- Metaphor: In the lines, “There is one crimson pinch of ashes left after all; and none of the shifting winds that whip the grass and none of the pounding rains that beat the dust, know how to touch or find the flash of this crimson”- the “crimson pinch of ashes” is used to refer to the last stain of blood in the remnants of the speaker. This also refers to the impermanence of life as if it’s a “flash” of “crimson” (blood).
- Anaphora: The poet begins the first four and the last two lines with the same words, “I shall” and “I.” The repetition implies that this is something the speaker is pondering on doing in the future. He lays emphasis on the fact that he has not asked God for hardships yet.
- Allusion: In the line, “And yet-of all “and yets” this is the bronze strongest-,” Sandburg seems to be referring to the “bronze strongest,” the Holy Trinity.
The main theme of ‘Flash Crimson’ is devotion to God. This is a testimonial piece of poetry that carries the poet’s strong emotions in regards to being a believer in God. His persona is pleading to God for more hardships in his life. It is because, according to the speaker, if he is tested, the process would refine his faith in the almighty. The speaker also awaits the happiness that has been promised in heaven in the line “I shall keep one thing better than all else.” Moreover, he mentions that even though a person’s body disintegrates and the soul leaves the body, their legacy, kindness, good deeds, and memories are left behind in this world. No rain or wind can ever move these abstract human remnants.
Another important theme of the poem is Internalizing one’s mortality. The speaker of this poem seems to have internalized the impermanence of human life and the short life span people have. By asking for the “last and worst,” the poet is essentially convinced that what will come after this life (in heaven) will be much better and the “best of all.”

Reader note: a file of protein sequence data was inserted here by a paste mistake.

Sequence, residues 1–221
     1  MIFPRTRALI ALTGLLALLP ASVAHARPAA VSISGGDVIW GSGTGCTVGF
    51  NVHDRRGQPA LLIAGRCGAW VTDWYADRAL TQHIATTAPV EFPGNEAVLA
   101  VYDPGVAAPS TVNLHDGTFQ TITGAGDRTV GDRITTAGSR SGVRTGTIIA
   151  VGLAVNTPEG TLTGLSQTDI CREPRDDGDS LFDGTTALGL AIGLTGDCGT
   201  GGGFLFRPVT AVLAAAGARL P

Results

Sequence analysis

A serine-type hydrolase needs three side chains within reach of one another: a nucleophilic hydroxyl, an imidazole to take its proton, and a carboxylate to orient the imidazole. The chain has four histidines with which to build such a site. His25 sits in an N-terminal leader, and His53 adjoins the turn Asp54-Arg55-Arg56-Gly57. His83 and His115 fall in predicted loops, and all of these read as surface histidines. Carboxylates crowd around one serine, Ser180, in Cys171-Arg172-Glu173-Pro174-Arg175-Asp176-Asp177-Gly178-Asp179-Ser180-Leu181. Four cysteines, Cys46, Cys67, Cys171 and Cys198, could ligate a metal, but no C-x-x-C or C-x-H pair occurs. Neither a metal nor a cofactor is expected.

‘Flash Crimson’ appears in Sandburg’s collection of poetry, Smoke and Steel. It was published in 1920. Carl Sandburg was born on January 6, 1878, in Galesburg. Remembrance Rock was his only novel that unravels the progress of achieving the American Dream over three decades. After he died in 1967, he was buried beneath a Remembrance Rock, which is a red granite boulder. He is regarded as one of the major figures of 20th-century American poetry. Besides Smoke and Steel, his best-known collections include Chicago Poems (1916) and Cornhuskers (1918). Explore Carl Sandburg poems.
Carl Sandburg’s ‘Flash Crimson’ is a plea to God seeking more hardships and “tests” because the speaker wants the best for his afterlife. He has seen a flash of “crimson” that solidifies his faith in the divine.
Throughout the poem, the meaning of “flash crimson” is not explained. Rather, the speaker only acknowledges its existence. This makes the piece in itself open to interpretations. By saying “flash of crimson,” the speaker means the immortality of the soul, the legacy that a person leaves behind, the tomb made of granite, and the transience of human life, symbolized by “crimson.”
The tone of the poem is confessional and full of a speaker’s faith and conviction. This piece is all about a speaker’s faith in the divine as well as mortal talent and legacies.
This piece taps on a number of themes that include devotion, faith, spirituality, immortality, death, and eternity. The main idea of the poem revolves around a speaker’s wish or various kinds of physical pains that would help him realize the importance of divine bliss.
This poem is written in free-verse. It means there is no regular rhyme scheme or meter. There are a total of 10 lines with uneven line lengths. All the lines are grouped into a single stanza.
The following poems are similar to the themes present in Carl Sandburg’s poem ‘Flash Crimson.’
- ‘I Am Christ’s’ by Leslie Alexis — This passionate poem explores a speaker’s religious devotion and celebrates the intention to join God in heaven.
- ‘Cold In The Earth’ by Emily Brönte — This poem is about suffering, struggle, and the loss of a loved one.
- ‘Prayer’ by Carol Ann Duffy — In this poem, Duffy describes the importance of prayer in the modern world.
You can also explore these devotional poems about God.